Affects Patients

Hearing instruments can improve communication and quality of life in more than 90% of people with hearing loss. Despite this, 75% of people diagnosed with hearing loss do nothing about it.

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Balance Disorders

Vertigo and balance disorders are a significant public health concern in Canada. According to the National Institutes for Health, dizziness and vertigo is the second most common complaint in a physician’s office.

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Cerumen

Cerumen, or earwax, is a naturally occurring substance of the external auditory canal. It is usually asymptomatic, but when it becomes impacted it can cause complications such as hearing loss, aural fullness, pain and more.

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Children and Hearing Loss

Children who cannot hear or may have trouble hearing certain sounds are at greater risks for delays in grammar and articulation development. An audiologist can evaluate and recommend an audiological intervention plan.

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Dementia

Hearing loss is associated with a 30–40% accelerated rate of cognitive decline, and a 24% increased risk of cognitive impairment compared to normal hearing.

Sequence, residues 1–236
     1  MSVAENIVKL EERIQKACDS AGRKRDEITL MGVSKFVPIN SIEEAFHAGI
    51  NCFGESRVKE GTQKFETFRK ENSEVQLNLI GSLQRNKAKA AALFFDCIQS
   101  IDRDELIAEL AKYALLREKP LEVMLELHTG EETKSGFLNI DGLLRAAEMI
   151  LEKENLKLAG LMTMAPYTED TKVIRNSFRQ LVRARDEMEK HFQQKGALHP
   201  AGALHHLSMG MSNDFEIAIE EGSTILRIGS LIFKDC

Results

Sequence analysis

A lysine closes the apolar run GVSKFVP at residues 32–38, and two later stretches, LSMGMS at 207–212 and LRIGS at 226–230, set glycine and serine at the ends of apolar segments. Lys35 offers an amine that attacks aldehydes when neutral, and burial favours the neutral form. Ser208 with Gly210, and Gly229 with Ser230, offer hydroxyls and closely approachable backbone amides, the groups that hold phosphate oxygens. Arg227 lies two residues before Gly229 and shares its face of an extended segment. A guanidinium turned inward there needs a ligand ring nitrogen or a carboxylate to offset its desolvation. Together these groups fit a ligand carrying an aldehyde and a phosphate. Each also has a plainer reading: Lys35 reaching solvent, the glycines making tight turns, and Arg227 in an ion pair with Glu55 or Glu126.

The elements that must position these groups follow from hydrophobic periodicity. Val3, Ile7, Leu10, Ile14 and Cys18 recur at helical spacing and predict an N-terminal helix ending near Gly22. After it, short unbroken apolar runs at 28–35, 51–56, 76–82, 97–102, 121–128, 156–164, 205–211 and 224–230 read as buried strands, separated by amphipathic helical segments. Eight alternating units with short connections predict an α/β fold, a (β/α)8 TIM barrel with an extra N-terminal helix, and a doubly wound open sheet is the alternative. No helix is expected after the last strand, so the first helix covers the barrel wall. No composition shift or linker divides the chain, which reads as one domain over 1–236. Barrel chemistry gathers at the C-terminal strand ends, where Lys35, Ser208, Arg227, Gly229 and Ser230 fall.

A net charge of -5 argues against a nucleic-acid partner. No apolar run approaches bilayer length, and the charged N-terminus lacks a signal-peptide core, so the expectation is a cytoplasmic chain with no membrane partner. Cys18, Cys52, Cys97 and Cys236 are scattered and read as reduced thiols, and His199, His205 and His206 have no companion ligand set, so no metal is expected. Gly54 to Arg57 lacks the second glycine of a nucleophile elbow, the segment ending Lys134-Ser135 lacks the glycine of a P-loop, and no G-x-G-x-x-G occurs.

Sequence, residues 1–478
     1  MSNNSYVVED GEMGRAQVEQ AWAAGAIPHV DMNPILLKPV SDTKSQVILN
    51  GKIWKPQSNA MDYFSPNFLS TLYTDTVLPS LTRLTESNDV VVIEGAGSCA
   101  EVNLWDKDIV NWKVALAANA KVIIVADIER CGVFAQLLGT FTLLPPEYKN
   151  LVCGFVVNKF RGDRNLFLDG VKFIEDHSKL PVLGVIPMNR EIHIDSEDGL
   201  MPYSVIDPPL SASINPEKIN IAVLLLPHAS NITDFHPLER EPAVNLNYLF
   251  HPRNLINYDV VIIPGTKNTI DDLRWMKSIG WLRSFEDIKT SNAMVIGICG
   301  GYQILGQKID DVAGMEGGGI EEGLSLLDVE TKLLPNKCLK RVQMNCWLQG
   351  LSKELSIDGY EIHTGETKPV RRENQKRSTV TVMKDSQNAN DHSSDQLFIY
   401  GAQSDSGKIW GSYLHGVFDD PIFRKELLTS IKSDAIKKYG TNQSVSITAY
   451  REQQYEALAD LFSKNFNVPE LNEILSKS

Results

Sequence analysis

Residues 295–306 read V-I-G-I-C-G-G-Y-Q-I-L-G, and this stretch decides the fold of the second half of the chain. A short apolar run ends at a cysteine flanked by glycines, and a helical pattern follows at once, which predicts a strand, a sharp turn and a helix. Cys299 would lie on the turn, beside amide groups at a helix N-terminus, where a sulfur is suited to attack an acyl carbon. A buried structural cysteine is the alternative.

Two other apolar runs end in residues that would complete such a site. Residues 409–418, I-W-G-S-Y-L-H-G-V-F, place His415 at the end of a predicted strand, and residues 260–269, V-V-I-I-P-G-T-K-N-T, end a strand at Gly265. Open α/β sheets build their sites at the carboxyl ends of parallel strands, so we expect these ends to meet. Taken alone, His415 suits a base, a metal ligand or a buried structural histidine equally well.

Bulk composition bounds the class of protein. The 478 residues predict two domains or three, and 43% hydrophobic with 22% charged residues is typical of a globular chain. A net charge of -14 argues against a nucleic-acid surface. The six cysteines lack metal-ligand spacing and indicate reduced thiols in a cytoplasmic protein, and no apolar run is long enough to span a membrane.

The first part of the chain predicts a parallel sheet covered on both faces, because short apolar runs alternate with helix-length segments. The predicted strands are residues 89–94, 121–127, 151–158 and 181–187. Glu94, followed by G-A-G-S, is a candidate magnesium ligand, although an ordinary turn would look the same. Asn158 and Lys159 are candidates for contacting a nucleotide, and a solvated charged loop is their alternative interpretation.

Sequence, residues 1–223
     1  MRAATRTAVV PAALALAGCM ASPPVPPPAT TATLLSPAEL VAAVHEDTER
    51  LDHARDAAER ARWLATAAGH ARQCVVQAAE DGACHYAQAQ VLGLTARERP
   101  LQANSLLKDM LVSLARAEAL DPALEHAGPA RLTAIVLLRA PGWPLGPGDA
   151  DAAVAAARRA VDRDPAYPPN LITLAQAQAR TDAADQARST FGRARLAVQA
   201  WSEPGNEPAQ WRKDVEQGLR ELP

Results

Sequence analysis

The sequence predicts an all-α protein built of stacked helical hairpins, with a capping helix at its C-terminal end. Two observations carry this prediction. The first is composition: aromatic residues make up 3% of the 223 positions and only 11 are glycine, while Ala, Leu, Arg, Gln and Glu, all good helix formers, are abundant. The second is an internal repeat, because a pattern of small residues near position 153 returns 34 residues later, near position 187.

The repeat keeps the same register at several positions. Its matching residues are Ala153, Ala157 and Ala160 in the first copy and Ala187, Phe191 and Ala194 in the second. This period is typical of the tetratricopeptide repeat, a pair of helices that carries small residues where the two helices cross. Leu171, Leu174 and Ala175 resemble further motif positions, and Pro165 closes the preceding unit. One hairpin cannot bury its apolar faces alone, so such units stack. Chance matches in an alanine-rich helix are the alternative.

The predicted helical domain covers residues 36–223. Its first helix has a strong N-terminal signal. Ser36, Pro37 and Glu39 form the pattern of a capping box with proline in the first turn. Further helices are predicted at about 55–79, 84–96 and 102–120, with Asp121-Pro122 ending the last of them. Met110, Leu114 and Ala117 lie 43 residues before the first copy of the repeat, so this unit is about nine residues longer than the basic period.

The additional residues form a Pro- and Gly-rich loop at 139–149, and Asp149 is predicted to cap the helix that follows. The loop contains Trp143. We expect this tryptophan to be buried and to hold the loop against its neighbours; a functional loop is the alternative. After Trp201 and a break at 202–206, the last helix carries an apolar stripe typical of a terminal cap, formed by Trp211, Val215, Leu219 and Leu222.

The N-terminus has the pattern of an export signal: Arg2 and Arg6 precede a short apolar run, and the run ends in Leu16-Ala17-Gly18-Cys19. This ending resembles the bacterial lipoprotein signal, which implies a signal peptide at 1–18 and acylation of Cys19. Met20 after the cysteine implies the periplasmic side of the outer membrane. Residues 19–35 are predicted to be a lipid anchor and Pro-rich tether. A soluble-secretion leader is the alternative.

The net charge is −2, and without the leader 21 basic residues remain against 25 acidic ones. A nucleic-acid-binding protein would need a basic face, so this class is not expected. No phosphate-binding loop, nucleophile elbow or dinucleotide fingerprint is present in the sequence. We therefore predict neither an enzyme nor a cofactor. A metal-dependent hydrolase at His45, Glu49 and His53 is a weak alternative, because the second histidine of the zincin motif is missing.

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Diabetes

Diabetes and hearing loss are two of Canada’s most widespread health concerns, with hearing loss left largely unrecognized and undertreated.

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Hearables, PSAPs, OTCs, and Hearing aids

Technological innovations have created new ways and products for enhancing hearing care; but not all devices behave in the same manner and not all are appropriate for certain populations. Learn more!

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Heart Disease

The inner ear is sensitive to changes in blood flow and compromised cardiovascular health may harm both the peripheral and central auditory systems. New research reveals that a healthy heart may be the key to healthy hearing.

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Ototoxicity

Certain medications are ototoxic, meaning that they can damage the ear, resulting in hearing loss, tinnitus and vestibular/balance disorders.

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Risk Falls

Recent research out of Johns Hopkins School of Medicine has suggested untreated hearing loss can lead to issues with balance, which increases the risk of falling.

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SSNHL

Sudden sensorineural hearing loss as an unexplained sudden drop in hearing in one ear that develops over a few hours (up to three days in an otherwise healthy patient.

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Tinnitus

Tinnitus, the perceived sound usually in the form of buzzing, hissing, or ringing in the absence of an external stimulus, is experienced by 10–15% of the population.

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Unilateral

Unilateral hearing loss (UHL) refers to any degree of hearing loss in one ear with the contralateral ear presenting with normal hearing.

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